Heathlands are plant communities where the vegetation is dominated by a shrub-high canopy. Their stunted nature can be due to various environmental conditions including nutrient poor sandy soil, lack of rainfall, or exposure. In Australia they are found in the south-east and south-west, and are the ecological and latitudinal equivalents of the southern African Fynbos. In the south east they grow on sandy exposed areas along the coast and on top of plateaus inland. Along the sandy coast of south-east Queensland and north-east NSW, they are known as Wallum. In the south-west of Australia heathlands are widespread, being found across much of the seasonally arid, sandy soil areas along the coast and inland. Here they are known as Kwongan, particularly north of Perth. The heathlands of south west Australia are some of the most botanically rich temperate areas in the world.
(Note that this section focuses on the temperate heathland; in tropical Australia, there are heath communities on sand dunes along the Cape York coast, and heathlands on exposed rocky plateaus throughout northern Australia, but I have included those species under the Australian northern woodlands section).
The heathlands along the coast of south-west Australia.
Diphucephala sp. 'Green Scarab Beetle'.
Gagatophorus draco, 'Broad-nosed Weevil'.
Tiliqua rugosa , 'Bobtail', 'Pinecone Lizard'. There are four subspecies of the Shingleback Lizard, with three of them living in the south-west. The are often seen basking on tracks in heathland habitats.
Cacomantis flabelliformis, 'Fan-tailed Cuckoo'. Found in a variety of habitats in south-western and eastern Australia.
Ninox boobook, 'Australian/ Southern Boobook Owl'. The smallest owl on the Australian mainland. A suggested by the common mame, the call is a a double rough hoot "oop-oop" with the first syllable being higher.
Zanda latirostris, 'Carnaby's Black Cockatoo', 'Short-billed Black Cockatoo. Endemic to the south-west of Australia.
Stipiturus malachurus, 'Southern Emuwren'. Found in heath and woodlands in south-east and south-west Australia
Sericornis frontalis, 'White-browed Scrubwren'.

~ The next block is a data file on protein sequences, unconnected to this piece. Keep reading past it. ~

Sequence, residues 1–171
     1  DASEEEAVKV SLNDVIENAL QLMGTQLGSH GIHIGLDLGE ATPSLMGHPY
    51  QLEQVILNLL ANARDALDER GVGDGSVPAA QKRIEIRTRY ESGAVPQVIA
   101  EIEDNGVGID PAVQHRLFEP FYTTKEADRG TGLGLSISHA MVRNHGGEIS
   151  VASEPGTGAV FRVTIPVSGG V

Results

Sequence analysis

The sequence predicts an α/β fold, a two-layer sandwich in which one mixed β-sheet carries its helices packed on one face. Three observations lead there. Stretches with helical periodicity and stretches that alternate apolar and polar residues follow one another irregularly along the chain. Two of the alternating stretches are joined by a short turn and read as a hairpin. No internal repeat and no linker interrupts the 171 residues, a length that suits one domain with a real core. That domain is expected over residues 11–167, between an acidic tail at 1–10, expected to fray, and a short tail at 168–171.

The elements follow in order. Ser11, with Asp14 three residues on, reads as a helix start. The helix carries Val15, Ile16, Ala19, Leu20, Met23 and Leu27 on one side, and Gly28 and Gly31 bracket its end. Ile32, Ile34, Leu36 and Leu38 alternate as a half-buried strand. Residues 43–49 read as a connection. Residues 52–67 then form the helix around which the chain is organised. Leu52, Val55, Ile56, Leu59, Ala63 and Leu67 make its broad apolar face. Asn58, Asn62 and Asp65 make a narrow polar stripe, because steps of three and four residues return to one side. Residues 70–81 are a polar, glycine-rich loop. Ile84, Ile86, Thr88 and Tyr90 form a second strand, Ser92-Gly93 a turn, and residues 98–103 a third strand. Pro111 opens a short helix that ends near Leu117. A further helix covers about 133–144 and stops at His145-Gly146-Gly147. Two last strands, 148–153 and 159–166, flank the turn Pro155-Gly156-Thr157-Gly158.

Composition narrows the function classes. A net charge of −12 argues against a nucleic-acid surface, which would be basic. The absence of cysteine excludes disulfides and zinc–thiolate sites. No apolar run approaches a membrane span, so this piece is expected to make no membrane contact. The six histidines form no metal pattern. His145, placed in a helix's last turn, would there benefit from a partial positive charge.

Gavicalis virescens, 'Singing Honeyeater'. One of Australia's most widespread honeyeaters, found in dry habitats, including heath, across most of the country except for the wetter habitats on the east coast.
Phylidonyris niger, 'White-cheeked Honeyeater'. Looks similar to New Holland Honeyeater. Found in various habitats, but especially temperate heathlands, in the south west (subspecies gouldii) and along east coast of Australia.
Trichosurus vulpecula, 'Common Brushtail Possum'.
Macropus fuliginosus, 'Western Grey Kangaroo'. The common large kangaroo in temperate Australia west from the Great Dividing Range.
There are many amazing national parks to experience the heathlands in the south west of Australia. The best time to visit is (southern hemisphere) spring when it is warmer, rains less, and many of the flowers are out. However, there are different species in flower at different times of the year, and winter and autumn are less crowded times.
There are two large main areas of heathland. The northern area starts a few hours drive north of Perth and stretches along the coast to Kalbarri National Park, and inland to Lesueur National Park. The southern area is about six hours drive southeast from Perth, and is mostly found along the southern coast of south-west Australia. It includes Fitzgerald River National Park and inland to Stirling Range National Park.
Lesueur National Park is a relatively small but great national park for flowers. It is located just inland of Jurien Bay. It has one main one-way sealed road, with various places to pull over for interp signs, and parking areas for two walks. The botany is fantastic, with many places to pull over and look at the flowers. There are some 900 species of plants here, and there is always something in flower. Because it is small and off the main coast highway, it is usually fairly quiet.
Fitzgerald River National Park is one of my favourite national parks in the south-west. It is very large, at over 300,000 hectares; those numbers don't mean much to me in terms of appreciating the size of the park, but if driving along the highway that runs parallel with the park, it takes a hour or so to go from one end to the other. It has two quite seperate regions to access; one at the western end, and one at the eastern end. The main area at the eastern end has a camping ground (with hot showers!) and has mobile phone range. (The settlement of Hopetoun is just 20 minutes drive away, and has accommodation, cafes, fuel and shops). The sealed road continues from the camping ground and stops at various beaches and walks. The botany here is fantastic. There are over reportedly over 60 plants species that are only found in this national park, and another 50 or so that are rare outside of it.